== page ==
Journeying along axons, microscopic powerhouses known as mitochondria provide cells with the energy they need to function. When something goes wrong with the axonal transport and mitochondria isn’t delivered, the system fails, and the cell body dies.

Scientists in the Department of Anatomy and Neurobiology at the Washington University School of Medicine in St. Louis study the cellular bases of neurological disorders. Their recent research focuses on Parkinson’s disease and identifies impaired axonal transport as a possible key player in this neurological disorder.

The research group, of Dr. Karen L. O’Malley, Dr. Jeong Sook Kim-Han, and Dr. Jo Ann Antenor-Dorsey studied axonal transport in dopamine (DA) neurons in the mouse brain—the cells most affiliated with Parkinson’s disease. They localized cell axons by using a microchamber system that separated axons from cell bodies and dendrites. They also introduced 1-methyl-4-phenylpyridinium ion (MPP+), a toxin known to disrupt axonal function and mimic Parkinson’s disease.

Stereo Investigator helped them quantify TH-positive cell bodies and neurites. As early as 12 hours after MPP+ treatment, they saw breaks in axons. After 24 hours, they began to see a significant reduction in cell bodies. “This study underscores the necessity of developing therapeutics aimed at axons as well as cell bodies so as to preserve circuitry and function,” they say in their paper “The Parkinsonian Mimetic, MPP+, Specifically Impairs Mitochondrial Transport in Dopamine Axons, published in the Journal of Neuroscience.

The use of Stereo Investigator saved the researchers time and hard drive space, according to Dr. Kim-Han. “We used to count cells after acquiring images from a fluorescent microscope and saving it to a computer, which took long time and a lot of space on the computer,” she said. “Also, the data was more convincing since the area for counting was selected automatically with the number of fields assigned.”

Read the full paper “The Parkinsonian Mimetic, MPP+, Specifically Impairs Mitochondrial Transport in Dopamine Axons“, in the Journal of Neuroscience.

[The Journal of Neuroscience, 11 May 2011, 31(19): 7212-7221; doi: 10.1523/ JNEUROSCI.0711-11.2011]

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{IMG: Synapse Diagram – This file is licensed under the Creative Commons Attribution-Share Alike 1.0 Generic license}

Stereo Investigator Assists Stanford Stroke Center Scientists in Stem Cell Research

A stroke can leave its victim mentally and physically devastated. Recovery is demanding, and takes drive and determination. If the patient doesn’t receive medical attention within the small, critical window of time after the stroke occurs, chances of a quick recovery are slim. Developments in stem cell research find doctors optimistic about new possibilities for stroke rehabilitation.

Scientists at the Stanford Stroke Center, one of the leading centers for stroke research in the world, are working on figuring out how transplanted stem cells affect the host brain. They’re specifically working toward determining which trophic factors—substances secreted by cells—are necessary for stem cell transplantation to be effective. One recent study focused on vascular endothelial growth factor (VEGF), a factor associated with neurological recovery in stroke patients.

As described in their paper “Transplanted Stem Cell-secreted VEGF Effects Post-stroke Recovery, Inflammation, and Vascular Repair,” Drs. Nobutaka Horie, Gary Steinberg, and their team of researchers found VEGF to be essential for hCNS-SCns-induced recovery. The research team studied the brains of rats, which had undergone stroke surgery and were injected with human central nervous system stem cells (hCNS-SCns). After thorough analysis of various parameters, including stereological quantification of the brain inflammatory response and stem cell survival using Stereo Investigator, the Stanford team determined the stem cells helped suppress inflammation, helped form new blood vessels, and improved blood-brain barrier integrity.”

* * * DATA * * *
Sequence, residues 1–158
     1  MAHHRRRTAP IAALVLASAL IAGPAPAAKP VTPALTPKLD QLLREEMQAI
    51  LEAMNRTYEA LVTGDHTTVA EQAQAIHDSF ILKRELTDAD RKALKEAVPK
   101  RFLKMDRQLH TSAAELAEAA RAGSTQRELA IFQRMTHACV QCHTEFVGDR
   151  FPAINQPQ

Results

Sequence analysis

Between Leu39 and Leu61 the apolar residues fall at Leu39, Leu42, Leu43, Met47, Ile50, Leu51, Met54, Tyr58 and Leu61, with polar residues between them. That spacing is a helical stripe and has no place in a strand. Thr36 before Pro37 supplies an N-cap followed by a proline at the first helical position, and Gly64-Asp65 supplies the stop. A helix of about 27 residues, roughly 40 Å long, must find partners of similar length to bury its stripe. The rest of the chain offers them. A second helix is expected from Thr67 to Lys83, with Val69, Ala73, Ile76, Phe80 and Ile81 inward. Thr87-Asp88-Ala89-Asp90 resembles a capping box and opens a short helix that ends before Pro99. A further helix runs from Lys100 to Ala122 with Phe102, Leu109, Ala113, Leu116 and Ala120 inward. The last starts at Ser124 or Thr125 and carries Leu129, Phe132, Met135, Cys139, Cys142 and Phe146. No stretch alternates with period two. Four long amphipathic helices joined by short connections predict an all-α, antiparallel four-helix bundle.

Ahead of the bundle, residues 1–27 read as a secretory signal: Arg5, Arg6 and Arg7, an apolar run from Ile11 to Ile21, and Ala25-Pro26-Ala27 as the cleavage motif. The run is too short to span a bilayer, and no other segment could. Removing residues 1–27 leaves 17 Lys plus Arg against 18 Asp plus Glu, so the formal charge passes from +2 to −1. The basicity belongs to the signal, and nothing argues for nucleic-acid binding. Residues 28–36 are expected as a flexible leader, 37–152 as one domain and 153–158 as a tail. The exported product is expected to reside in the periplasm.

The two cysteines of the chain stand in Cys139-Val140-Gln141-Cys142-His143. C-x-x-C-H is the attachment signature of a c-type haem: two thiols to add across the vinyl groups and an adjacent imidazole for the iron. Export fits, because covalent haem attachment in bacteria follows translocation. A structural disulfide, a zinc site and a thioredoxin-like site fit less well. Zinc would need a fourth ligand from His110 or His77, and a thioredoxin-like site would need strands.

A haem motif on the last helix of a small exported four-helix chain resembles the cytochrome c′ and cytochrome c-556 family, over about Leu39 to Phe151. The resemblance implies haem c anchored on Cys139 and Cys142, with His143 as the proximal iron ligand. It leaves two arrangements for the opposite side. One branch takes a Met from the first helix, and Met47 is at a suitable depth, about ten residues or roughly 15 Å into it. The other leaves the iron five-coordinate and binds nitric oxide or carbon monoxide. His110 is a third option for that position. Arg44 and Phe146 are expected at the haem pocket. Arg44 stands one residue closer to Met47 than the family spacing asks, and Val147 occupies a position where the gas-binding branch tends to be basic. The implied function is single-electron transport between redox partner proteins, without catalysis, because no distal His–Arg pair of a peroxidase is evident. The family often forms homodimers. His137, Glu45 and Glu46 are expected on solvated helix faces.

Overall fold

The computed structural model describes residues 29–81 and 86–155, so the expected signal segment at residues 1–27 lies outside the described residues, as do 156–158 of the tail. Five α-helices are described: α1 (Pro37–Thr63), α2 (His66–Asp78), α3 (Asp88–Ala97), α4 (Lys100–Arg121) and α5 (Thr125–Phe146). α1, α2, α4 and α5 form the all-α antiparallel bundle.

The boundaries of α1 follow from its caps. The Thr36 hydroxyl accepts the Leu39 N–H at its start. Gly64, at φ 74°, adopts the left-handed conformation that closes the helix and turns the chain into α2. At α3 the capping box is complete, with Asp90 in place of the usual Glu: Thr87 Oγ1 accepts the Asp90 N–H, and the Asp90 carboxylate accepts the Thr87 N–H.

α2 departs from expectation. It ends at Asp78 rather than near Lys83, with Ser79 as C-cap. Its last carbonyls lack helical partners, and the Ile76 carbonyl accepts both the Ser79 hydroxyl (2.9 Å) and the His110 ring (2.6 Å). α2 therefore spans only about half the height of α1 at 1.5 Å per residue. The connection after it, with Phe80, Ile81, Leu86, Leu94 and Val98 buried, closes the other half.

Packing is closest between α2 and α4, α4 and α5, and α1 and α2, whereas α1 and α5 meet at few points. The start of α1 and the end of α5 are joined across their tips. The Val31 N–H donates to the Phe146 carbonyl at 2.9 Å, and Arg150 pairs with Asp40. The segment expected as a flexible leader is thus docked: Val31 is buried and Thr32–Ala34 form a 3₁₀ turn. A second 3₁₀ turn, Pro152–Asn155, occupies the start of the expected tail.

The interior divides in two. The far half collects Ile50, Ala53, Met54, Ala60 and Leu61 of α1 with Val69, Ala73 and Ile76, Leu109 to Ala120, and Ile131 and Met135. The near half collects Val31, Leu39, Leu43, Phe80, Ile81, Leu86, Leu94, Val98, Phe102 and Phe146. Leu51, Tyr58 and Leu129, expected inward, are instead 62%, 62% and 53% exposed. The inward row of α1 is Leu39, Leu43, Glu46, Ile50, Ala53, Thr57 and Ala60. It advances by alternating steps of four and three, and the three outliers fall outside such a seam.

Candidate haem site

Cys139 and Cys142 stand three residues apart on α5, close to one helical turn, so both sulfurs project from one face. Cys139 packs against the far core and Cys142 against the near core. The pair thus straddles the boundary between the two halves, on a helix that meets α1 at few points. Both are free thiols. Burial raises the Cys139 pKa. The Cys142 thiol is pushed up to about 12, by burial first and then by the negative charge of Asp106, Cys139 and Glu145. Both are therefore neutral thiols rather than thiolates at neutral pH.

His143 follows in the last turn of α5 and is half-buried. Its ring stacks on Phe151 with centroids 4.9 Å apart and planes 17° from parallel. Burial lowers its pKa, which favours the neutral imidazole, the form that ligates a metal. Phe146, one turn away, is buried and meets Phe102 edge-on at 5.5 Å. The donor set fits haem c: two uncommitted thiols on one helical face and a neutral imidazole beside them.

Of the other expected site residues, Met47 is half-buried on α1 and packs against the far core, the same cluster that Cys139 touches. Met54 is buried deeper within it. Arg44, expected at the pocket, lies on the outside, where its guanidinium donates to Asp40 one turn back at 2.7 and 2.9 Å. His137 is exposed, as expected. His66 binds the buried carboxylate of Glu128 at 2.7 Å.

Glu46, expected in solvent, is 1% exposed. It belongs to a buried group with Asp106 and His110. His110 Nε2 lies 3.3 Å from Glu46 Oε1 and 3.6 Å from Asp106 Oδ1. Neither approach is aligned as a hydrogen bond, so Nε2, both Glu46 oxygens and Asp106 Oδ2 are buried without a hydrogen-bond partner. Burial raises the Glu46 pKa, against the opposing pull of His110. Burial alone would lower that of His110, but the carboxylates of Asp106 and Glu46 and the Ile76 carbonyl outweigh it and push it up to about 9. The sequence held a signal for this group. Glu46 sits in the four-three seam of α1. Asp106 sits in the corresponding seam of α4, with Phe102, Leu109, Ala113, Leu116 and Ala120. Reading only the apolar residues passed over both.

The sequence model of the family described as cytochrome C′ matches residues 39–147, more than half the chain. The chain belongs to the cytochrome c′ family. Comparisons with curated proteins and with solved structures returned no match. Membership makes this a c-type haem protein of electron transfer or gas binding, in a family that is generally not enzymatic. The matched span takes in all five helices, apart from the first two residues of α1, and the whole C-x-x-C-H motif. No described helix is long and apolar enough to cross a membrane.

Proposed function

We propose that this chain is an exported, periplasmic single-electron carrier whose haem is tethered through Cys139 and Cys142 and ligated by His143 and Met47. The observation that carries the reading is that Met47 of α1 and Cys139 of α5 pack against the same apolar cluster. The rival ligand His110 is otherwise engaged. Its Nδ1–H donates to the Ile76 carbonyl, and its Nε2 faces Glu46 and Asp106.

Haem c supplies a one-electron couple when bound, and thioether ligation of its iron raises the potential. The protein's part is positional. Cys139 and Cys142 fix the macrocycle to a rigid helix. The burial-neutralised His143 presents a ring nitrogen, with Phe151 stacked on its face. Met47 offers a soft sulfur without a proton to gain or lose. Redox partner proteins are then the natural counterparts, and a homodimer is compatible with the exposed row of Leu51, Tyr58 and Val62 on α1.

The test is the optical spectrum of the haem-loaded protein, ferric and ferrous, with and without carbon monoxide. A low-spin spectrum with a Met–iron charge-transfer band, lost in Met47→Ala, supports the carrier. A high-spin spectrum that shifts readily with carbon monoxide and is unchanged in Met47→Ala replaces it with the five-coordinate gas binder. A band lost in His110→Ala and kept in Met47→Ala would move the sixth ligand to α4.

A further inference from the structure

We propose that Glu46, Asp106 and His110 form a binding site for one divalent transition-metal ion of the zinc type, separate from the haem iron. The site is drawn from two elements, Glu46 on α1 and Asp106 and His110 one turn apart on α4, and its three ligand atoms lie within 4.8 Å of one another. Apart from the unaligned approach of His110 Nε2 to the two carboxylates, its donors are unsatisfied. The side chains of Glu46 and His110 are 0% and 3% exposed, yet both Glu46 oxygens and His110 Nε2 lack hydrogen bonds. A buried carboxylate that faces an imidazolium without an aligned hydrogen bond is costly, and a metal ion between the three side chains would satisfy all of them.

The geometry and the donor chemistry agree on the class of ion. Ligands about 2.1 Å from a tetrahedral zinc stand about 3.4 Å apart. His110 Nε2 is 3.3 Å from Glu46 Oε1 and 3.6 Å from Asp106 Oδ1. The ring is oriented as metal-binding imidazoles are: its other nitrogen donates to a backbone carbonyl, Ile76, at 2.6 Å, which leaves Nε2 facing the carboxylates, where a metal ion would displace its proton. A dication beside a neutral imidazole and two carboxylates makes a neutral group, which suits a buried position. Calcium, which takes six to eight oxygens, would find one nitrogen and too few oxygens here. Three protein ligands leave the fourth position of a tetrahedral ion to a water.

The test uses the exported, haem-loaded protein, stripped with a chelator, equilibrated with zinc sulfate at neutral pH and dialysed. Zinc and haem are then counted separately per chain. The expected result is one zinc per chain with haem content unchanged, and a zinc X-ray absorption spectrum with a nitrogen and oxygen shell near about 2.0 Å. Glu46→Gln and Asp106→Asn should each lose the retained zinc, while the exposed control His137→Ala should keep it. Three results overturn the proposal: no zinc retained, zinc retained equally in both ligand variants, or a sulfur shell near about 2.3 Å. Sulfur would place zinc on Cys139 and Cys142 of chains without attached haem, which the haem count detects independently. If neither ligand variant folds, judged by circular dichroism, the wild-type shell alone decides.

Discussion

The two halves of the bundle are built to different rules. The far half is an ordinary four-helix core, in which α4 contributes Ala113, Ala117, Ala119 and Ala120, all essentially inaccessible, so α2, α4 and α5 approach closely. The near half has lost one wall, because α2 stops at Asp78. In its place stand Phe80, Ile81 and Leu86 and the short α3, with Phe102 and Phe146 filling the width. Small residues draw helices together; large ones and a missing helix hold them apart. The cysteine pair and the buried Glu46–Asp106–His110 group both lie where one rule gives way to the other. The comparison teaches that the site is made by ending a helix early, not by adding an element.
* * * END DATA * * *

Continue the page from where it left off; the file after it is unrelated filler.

“Subacute cell transplantation therapy offers a multimodal strategy for brain repair that could significantly expand the therapeutic window for stroke,” say the authors in “Transplanted Stem Cell-secreted VEGF Effects Post-stroke Recovery, Inflammation, and Vascular Repair.”

Access the free abstract or download the full article at Stem Cells.

Horie, N., Pereira, M. P., Niizuma, K., Sun, G., Keren-Gill, H., Encarnacion, A., Shamloo, M., Hamilton, S. A., Jiang, K., Huhn, S., Palmer, T. D., Bliss, T. M. and Steinberg, G. K. (2011), Transplanted Stem Cell-Secreted Vascular Endothelial Growth Factor Effects Poststroke Recovery, Inflammation, and Vascular Repair. STEM CELLS, 29: 274–285. doi: 10.1002/stem.584

{Image of transplanted stem cells (pink) and blood vessels (green) courtesy of Stanford University}

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Neurolucida and Stereo Investigator 10 Available Now

From Alzheimer’s disease to Multiple Sclerosis, genetic disorders, stroke recovery, and stress, Stereo Investigator and Neurolucida are helping scientists around the globe carry out their research. Our flagship products are the leading tools for unbiased stereology and neuron reconstruction. With the release of Version 10, we’re pleased to unveil a whole new set of exceptional features.

Stereo Investigator allows researchers to use unbiased stereology to count cells in a microscope specimen, and to quantify the size and volume of microscopic objects and areas. Neurolucida is the leading software for neuron reconstruction and analysis in labs around the world.

The new Version 10 of both Stereo Investigator and Neurolucida gives researchers numerous new features including:

• The ability to create 3D mosaics from image stacks from confocal, brightfield and fluorescent microscopes

• Integrated deconvolution

• The ability to create 3D focusable slides

• 3D visualization/solid modeling

• Integration with most major confocal microscopes

• Integration with the Zeiss ApoTome 2

Jack Glaser, President and Co-founder of MBF, says “We’re grateful to have a global network of loyal users who give us a constant flow of ideas for improving and expanding our products’ capabilities to match scientists’ evolving research needs. We also use our systems in our own contract research organization, MBF Labs. This gives us first-hand experience using our software, which is another rich source of inspiration. We’ve taken the most powerful ideas from all those sources and developed them into productive features in Version 10, so our users can continue to get the best images, data and analysis possible from their microscopes.”

Get the full list of Stereo Investigator 10 and Neurolucida 10 features on our website, and read our interview with Vice President Paul Angstman to find out about some of his favorite things in Neurolucida 10 and Stereo Investigator 10.